Citizen Security and Human Rights in Mexico

Petitioners Juan Sicilia and Carla Espinoza presenting at the IACHR on citizen security in Mexico.

Commissioners: Commissioner Paulo Sergio Pinheiro, Commissioner Felipe Gonzalez, Commissioner Rodrigo Escobar Gil

 Participants: Centro Nacional de Comunicación Social (Cencos), Servicios y Asesoría para la Paz (SERAPAZ), Centro de Derechos Humanos y Asesoría a Pueblos Indígenas (CEDHAPI), Consultoría de los Pueblos Indígenas en el Norte de Mexico (CINM), Instituto Internacional de Derechos Humanos de DePaul University, Comisión de Defensa de los Derechos Humanos en Sinaloa (CDDHS), Centro de Derechos Humanos Bartolomé Carrasco Briseño (BARCA), Comisión Mexicana de Defensa y Promoción de los Derechos Humanos (CMDPDH), i(dh)eas, Litigio Estratégico en Derechos Humanos, Movimiento para la Paz con Justicia y Dignidad

 

 State: Mexico

 Topic: Security, Human Rights

A civil society representative began a hearing at the Inter-American Commission on Human Rights on October 27, 2011 by describing citizen security in Mexico as a national emergency of violence and impunity. Julia Alonzo, a mother whose child disappeared on January 12, 2008, spoke thereafter. She described how she has searched all over for her son. They lived in Acapulco, but she had to move after receiving threats because she could not seek protection from the State. She said she came to Washington because she does not know any other way to find her son.

Juan Sicilia, whose 24 year-old son, Juan Francisco Sicilia, was assassinated in the city of Cuernavaca, expressed his concern about the corruption in Mexico and the 98% of crimes in Mexico that end in impunity. Mr. Sicilia has launched a campaign for no more blood and for peace with justice and dignity. The representatives from civil society stated that the government office for attention to victims of crime, Procuraduría Social para Atención a Víctimas, is not doing enough and that the inaction and inefficiency of the government leads to more disappearances each day. Carla Espinoza, director of the Center for Human Rights in the Americas of the International Human Rights Institute of DePaul University, introduced a few representatives who spoke to the issue of forced disappearances.

The delegation from Mexico spoke to the petitioners and said that combating violence is a priority for Mexico. The first government representative reported that the United Nations Working Group on Enforced or Involuntary Disappearances visited Mexico in March 2011 and will produce a report very soon. The delegation then showed a short video as a summary of President Felipe Calderon’s dialogue with the movement for peace. In the video, the President ended with the famous statement attributed to pastor Martin Niemoeller about inaction and said that his government will continue to act, and to change when they make errors.

The Mexican government representatives continued by enumerating some of the changes they have made and by saying that security is a precondition for the full human rights of its citizens. The government will continue to confront the problems arising from narcotrafficking and juvenile delinquency. One of the representatives said the government’s actions have been the consequence, but not the cause, of the violence. However, the representative recognized that the government needs to work to enforce its institutions, and it values the participation of civil society.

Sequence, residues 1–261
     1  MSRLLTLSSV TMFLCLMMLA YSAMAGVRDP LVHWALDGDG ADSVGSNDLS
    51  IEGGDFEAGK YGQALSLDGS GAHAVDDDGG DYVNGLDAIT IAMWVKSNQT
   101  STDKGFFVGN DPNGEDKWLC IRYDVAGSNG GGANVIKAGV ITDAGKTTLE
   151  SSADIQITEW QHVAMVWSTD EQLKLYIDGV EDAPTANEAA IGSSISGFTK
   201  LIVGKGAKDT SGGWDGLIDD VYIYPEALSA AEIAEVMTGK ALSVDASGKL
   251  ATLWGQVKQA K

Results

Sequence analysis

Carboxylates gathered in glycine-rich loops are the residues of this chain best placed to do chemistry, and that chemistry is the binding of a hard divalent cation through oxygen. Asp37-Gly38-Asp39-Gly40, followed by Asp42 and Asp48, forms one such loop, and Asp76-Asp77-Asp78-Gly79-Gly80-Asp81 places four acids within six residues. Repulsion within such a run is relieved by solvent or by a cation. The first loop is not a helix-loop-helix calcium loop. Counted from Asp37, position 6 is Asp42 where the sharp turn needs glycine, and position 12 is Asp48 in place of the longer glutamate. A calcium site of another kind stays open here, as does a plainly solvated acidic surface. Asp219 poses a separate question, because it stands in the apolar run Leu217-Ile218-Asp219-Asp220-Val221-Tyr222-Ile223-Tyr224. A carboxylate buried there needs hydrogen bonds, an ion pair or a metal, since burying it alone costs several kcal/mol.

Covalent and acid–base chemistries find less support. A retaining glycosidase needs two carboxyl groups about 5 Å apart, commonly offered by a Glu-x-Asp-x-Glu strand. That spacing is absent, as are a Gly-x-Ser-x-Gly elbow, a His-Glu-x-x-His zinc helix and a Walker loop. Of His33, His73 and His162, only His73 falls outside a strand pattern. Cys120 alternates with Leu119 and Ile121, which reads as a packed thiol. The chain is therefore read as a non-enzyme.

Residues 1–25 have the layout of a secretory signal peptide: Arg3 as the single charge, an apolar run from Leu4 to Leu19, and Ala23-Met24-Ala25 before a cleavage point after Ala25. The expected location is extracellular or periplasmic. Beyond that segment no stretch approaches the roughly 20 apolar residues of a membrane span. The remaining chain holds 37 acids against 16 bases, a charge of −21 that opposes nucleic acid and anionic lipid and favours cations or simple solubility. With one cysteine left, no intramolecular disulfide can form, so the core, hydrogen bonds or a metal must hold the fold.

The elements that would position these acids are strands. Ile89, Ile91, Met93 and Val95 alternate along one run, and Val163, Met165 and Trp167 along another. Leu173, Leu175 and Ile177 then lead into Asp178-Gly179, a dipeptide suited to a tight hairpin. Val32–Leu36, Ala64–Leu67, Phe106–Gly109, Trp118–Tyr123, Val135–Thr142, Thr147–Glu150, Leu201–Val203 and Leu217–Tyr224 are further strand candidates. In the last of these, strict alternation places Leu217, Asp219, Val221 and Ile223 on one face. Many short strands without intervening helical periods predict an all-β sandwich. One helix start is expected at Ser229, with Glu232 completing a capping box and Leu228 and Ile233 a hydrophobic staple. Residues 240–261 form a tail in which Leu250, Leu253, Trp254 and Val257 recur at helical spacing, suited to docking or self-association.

Commissioner Paulo Sergio Pinheiro asked if the government could comment on Mexico’s office for attention to victims of crime. Commissioner Felipe Gonzalez asked how the Mexican government is addressing the differences among states with regards to impunity, kidnappings, murders, etc. Commissioner Rodrigo Escobar Gil discussed his visit to Mexico and the real humanitarian tragedy of the massive number of kidnappings of migrants, and he asked if the government is addressing the needs of the families of victims of crime, and about what it is doing to improve the investigation of crimes.

The government responded by saying that the Procuraduría Social para Atención a Víctimas has received resources to attend to victims in the future and they are working to help victims and their families, including by trying to find persons who have disappeared. In response to the question from Commissioner Felipe Gonzalez about putting the federal and state efforts in sync, the government representative said that in Mexico there are approximately 430,000 police officers, but of those, at the federal level there are just approximately 34,438 officers. In regards to the commission of crimes, in 2010, 92.7% of crimes were local, and just 7.3% were federal crimes. The last government representative said that a new law was passed on February 27, 2011 to prevent and to sanction crimes in matters of abduction.

The civil society representatives responded by saying that they are asking for more than a symbolic presence of citizens and victims in the government’s efforts. The representative also said that there should be more investigation of the money transfers being made to kidnappers. He ended by emphasizing that Mexico has the information they need to access this financial data and combat this phenomenon.

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